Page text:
Key takeaway for publicists here: if you try to promote your client’s album with a hashtag — #susanalbumparty — including the words “anal bum party,” the entire population of Twitter will giggle like a sort of giant gestalt Beavis and Butt-Head, and the thought of Susan Boyle having such a party will be embedded in the mind of everyone forever after.
Anyone remember Flat Eric? The little puppet who nodded his way through Mr. Oizo’s “Flat Beat” for a Levi’s commercial? It was priceless publicity for the hitherto unheralded French producer, and in fairness, the complete overexposure of the campaign wasn’t his fault — but still, after about the bazillionth time it became more headache-inducing than endearing.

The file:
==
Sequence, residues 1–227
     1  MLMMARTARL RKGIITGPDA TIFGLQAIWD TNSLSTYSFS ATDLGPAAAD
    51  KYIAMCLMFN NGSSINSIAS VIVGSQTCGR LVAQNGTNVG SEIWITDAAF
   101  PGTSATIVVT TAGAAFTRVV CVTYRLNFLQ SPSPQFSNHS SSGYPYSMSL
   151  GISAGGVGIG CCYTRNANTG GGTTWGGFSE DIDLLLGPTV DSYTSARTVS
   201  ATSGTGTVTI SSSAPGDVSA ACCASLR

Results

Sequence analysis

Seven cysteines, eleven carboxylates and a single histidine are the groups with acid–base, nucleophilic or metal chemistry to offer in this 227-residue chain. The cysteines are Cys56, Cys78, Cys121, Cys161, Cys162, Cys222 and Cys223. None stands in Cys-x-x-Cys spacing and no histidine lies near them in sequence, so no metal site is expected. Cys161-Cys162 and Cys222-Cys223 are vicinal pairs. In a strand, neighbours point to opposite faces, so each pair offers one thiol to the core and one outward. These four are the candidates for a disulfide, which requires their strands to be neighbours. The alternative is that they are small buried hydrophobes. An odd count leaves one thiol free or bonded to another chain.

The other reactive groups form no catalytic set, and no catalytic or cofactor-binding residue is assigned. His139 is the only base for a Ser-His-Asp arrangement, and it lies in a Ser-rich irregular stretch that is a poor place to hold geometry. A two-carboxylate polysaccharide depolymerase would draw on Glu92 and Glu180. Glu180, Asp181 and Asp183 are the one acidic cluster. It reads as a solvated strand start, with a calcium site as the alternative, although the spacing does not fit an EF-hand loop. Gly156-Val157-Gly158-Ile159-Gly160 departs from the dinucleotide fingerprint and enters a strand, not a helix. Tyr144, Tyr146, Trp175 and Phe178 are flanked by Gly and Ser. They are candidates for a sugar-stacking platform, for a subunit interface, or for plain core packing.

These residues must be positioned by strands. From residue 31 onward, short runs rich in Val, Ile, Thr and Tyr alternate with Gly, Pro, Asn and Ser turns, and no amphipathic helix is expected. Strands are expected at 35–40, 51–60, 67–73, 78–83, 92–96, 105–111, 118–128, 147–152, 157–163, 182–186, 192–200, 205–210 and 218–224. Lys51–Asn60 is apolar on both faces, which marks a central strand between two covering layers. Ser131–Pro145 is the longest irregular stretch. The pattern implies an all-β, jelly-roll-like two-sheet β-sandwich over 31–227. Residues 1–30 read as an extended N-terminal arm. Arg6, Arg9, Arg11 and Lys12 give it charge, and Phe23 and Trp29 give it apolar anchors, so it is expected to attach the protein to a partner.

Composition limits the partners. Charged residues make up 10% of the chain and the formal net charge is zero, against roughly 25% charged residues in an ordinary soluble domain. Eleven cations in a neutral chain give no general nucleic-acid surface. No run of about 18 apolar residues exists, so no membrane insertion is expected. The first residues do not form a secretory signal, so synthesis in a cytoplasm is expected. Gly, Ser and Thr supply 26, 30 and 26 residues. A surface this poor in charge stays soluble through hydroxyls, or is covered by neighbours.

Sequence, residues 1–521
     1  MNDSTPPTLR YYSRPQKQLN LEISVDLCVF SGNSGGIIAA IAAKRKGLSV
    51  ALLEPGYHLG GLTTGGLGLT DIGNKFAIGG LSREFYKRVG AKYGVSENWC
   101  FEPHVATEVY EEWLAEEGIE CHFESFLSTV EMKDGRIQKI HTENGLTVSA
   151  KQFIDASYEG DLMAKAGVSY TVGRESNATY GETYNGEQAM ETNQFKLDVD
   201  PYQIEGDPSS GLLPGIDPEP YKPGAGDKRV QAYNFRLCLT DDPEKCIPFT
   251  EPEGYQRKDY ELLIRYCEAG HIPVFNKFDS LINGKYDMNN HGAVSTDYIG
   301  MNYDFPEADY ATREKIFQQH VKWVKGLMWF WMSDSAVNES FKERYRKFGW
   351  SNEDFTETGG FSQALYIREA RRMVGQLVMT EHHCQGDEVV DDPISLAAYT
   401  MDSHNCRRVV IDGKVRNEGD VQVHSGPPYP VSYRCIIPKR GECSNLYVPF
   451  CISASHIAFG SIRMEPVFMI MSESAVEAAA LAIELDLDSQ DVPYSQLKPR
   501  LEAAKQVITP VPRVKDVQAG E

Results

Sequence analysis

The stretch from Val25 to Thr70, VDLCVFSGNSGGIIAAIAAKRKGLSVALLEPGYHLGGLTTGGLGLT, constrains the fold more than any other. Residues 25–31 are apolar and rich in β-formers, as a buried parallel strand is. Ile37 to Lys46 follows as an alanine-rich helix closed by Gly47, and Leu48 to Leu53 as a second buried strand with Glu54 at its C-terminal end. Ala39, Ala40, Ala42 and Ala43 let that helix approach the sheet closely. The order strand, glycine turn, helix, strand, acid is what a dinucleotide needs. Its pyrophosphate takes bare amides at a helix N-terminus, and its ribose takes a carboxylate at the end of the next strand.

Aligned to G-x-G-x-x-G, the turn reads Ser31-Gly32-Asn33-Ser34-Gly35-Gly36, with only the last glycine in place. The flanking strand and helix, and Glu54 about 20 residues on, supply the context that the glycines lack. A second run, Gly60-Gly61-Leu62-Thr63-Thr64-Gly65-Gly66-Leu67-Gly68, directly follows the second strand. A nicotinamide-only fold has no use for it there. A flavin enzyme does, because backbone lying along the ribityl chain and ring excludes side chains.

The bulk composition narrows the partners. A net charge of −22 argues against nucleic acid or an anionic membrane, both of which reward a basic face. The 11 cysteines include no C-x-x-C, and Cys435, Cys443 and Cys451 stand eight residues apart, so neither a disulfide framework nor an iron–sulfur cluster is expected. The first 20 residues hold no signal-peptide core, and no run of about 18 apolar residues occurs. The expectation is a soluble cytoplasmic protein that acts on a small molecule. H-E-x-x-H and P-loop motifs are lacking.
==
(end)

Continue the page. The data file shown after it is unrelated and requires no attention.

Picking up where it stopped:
Nine Inch Nails
Perhaps the only campaign ever to rival Boards of Canada for elaborate obtuseness. Trying to catalogue the entire story of the lead-up to the release of Year Zero here would probably take the rest of the afternoon — suffice it to say it’s a tale of USB sticks “accidentally” left in venue bathrooms, messages hidden in band T-shirts, and, yes, eventually some actual music, too. (Also, NIN fans being NIN fans, there’s an elaborate timeline of the entire campaign here.)